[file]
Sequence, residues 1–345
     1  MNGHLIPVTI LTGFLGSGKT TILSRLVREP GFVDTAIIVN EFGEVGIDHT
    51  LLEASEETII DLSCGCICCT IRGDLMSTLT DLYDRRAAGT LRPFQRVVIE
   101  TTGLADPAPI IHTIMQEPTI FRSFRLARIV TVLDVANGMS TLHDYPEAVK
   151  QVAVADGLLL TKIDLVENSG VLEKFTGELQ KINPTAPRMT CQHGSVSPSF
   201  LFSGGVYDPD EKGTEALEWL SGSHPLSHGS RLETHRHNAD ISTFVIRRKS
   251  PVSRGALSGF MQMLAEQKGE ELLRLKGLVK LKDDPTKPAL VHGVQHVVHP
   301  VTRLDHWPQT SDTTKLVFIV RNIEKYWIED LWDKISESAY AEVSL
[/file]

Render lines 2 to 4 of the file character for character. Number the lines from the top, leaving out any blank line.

     1  MNGHLIPVTI LTGFLGSGKT TILSRLVREP GFVDTAIIVN EFGEVGIDHT
    51  LLEASEETII DLSCGCICCT IRGDLMSTLT DLYDRRAAGT LRPFQRVVIE
   101  TTGLADPAPI IHTIMQEPTI FRSFRLARIV TVLDVANGMS TLHDYPEAVK